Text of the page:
Calamos Supports Greece
GreekReporter.comGreeceHymn of Kassiane Reverberates Across Greece on Holy Tuesday

Hymn of Kassiane Reverberates Across Greece on Holy Tuesday

Holy Tuesday Hymn of Kassiane
Detail from the Rossano Gospels, an illuminated manuscript written in Greek during the 6th Century AD. Credit: Public domain

The Hymn of Kassiane takes center stage on Holy Tuesday in the Orthodox church, as Greeks move closer to the end of Lent and the great feast of Easter Sunday.

The Gospels and Parables chosen to be read on the Tuesday leading up to Greek Easter are all meant to prepare the faithful for the resurrection of Jesus on what is the most important day for Orthodox Christians.

Firstly, the Gospel of Matthew regarding Christ’s condemnation of the Pharisees, in which he argues against religious hypocrisy, is read during Tuesday’s Matins, or Orthros, service.

Next comes the Parable of the Ten Virgins — one of the most well-known of all Jesus’ parables. This story has a clear eschatological meaning, that we must be prepared for the Day of Judgment.

Holy Tuesday Greek easter
Page from the Rossano Gospels, an illuminated manuscript written in Greek during the 6th Century AD. Credit: Public domain

According to the Gospel of Matthew, the five virgins who are prepared for the bridegroom’s arrival are rewarded, while the five who are not prepared are disowned.

The bridal chamber is used as a symbol not only for the Tomb of Christ, but also of the blessed state of the saved that they will experience on the Day of Judgement.

Icon of St. Kassiane the Hymnographer. Public domain

The Hymn of Kassiane, the great choral work of Greek Orthodox Lent

This hymn, composed by Kassiane, sung every Tuesday of Holy Week in Orthodox churches around the world, is one of the many hymns composed by one of the few women known to have been writing music during Byzantine times.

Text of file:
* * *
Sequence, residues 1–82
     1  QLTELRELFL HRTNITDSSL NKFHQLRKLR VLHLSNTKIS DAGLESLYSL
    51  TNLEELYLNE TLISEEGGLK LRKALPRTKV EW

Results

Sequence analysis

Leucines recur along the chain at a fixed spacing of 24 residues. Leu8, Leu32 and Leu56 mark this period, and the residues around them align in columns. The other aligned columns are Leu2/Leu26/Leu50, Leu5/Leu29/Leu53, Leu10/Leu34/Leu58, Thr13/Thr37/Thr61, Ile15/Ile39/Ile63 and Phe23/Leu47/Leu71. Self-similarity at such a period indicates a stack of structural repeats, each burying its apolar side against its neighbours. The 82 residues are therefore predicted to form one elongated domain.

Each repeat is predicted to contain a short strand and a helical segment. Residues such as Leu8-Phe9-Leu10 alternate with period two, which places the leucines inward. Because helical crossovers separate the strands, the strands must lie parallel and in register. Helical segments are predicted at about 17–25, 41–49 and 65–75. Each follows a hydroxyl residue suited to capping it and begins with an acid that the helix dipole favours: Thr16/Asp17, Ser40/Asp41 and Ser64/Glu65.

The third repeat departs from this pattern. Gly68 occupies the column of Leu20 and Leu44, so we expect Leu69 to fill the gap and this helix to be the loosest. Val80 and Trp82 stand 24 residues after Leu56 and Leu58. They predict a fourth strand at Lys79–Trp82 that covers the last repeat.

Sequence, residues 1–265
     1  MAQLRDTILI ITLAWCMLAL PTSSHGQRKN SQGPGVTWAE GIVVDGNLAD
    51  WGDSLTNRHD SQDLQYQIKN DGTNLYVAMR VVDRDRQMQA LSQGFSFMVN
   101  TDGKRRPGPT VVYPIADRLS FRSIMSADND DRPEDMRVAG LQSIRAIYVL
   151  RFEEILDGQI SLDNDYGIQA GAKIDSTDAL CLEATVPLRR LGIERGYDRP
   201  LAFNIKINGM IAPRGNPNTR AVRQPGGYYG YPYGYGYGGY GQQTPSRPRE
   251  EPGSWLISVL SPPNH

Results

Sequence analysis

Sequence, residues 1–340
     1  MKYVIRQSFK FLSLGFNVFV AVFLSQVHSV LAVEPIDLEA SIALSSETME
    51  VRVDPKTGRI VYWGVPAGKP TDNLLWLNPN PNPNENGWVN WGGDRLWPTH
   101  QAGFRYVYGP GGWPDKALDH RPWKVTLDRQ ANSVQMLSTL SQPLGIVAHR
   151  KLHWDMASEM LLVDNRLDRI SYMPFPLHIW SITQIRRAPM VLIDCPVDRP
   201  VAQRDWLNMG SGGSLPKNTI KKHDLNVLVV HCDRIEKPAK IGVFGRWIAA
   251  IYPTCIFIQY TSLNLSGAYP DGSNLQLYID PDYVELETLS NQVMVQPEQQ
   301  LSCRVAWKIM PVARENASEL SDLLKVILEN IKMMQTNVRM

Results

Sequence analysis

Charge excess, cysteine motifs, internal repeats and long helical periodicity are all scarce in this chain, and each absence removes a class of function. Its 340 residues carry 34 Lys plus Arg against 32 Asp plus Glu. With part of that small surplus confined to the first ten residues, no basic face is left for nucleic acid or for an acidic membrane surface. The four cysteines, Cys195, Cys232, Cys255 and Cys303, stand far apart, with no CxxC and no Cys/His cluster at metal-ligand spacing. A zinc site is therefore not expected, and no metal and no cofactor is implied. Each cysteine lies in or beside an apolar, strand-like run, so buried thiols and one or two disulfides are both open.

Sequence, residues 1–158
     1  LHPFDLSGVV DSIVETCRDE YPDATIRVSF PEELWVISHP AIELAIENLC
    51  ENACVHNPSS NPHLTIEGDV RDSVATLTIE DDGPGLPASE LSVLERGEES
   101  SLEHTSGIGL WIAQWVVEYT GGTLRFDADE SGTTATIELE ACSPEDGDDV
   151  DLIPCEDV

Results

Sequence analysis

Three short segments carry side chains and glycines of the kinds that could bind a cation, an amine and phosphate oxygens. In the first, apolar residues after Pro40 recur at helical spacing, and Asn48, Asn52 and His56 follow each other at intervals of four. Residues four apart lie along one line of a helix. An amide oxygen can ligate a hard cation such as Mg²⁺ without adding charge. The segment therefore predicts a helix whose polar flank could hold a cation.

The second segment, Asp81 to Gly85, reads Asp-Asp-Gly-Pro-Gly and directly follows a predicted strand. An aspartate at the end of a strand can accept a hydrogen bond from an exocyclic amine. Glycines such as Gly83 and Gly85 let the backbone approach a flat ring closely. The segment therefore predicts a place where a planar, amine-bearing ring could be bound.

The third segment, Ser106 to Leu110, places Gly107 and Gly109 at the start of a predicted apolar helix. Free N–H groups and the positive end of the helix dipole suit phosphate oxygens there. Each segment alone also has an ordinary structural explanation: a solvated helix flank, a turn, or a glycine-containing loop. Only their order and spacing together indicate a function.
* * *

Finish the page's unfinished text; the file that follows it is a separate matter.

Born in 805/810 and passing away before 865, Kassiane (the female form of the male name Cassius) was a Byzantine abbess, poet, composer, and hymnographer.

Her most well-known hymn, called the Doxastikon on the Aposticha of the Bridegroom for Orthros, or “Hymn of Kassiane,” is sung every Tuesday evening during Holy Week as the most anticipated part of the service on that day.

St. Kassiane wrote fifty hymns still sung today

She is remarkable for being one of the first medieval composers whose scores are both extant and able to be interpreted by modern scholars and musicians. Approximately fifty of her hymns still survive today and twenty-three of them are included in Orthodox Church liturgical books.

Born into a prominent family in the Byzantine court, Kassiane founded a convent in Constantinople in 843, becoming its first abbess and devoting her life ever after to asceticism and the composing of liturgical works.

The scholar George Poulos, in his work “Orthodox Saints,” says that Kassiane was not taken seriously at first because of male domination in this field. However, she soon established herself as a hymnographer of the highest caliber.

Holy Tuesday Liturgy full of rich symbolism before Greek Easter

Lastly, the Parable of the Talents is read during the Tuesday liturgy, which has been seen as an exhortation to Christians to use their God-given gifts in the service of the Almighty — just as Kassiane did.

The Parable of the Talents, according to the Gospel of Matthew, tells the story of a master who entrusts his property to his three servants, and in accordance to the abilities of each man, each servant received talent coins, which were weights that were used as currency at the time.

One of the three servants received five talents, the second servant received two talents, and the third servant received just one talent.

The servants were sent out to make use of whatever talents they had received. When they returned home, the master asked his three servants for an accounting of the talents he had entrusted to them.

The first and second servants explained that they each put their talents to work and doubled the value of the property with which they had been entrusted; each servant was duly rewarded by the master.

However, the third servant had not utilized his gift and merely hid his talent, so he was punished by his master. This is seen as a cautionary tale for all the faithful, as we are called on to make use of whatever gifts we have been given, to the greatest extent that we can.

See all the latest news from Greece and the world at Contact our newsroom to report an update or send your story, photos and videos. Follow GR on Google News and subscribe here to our daily email!

Related Posts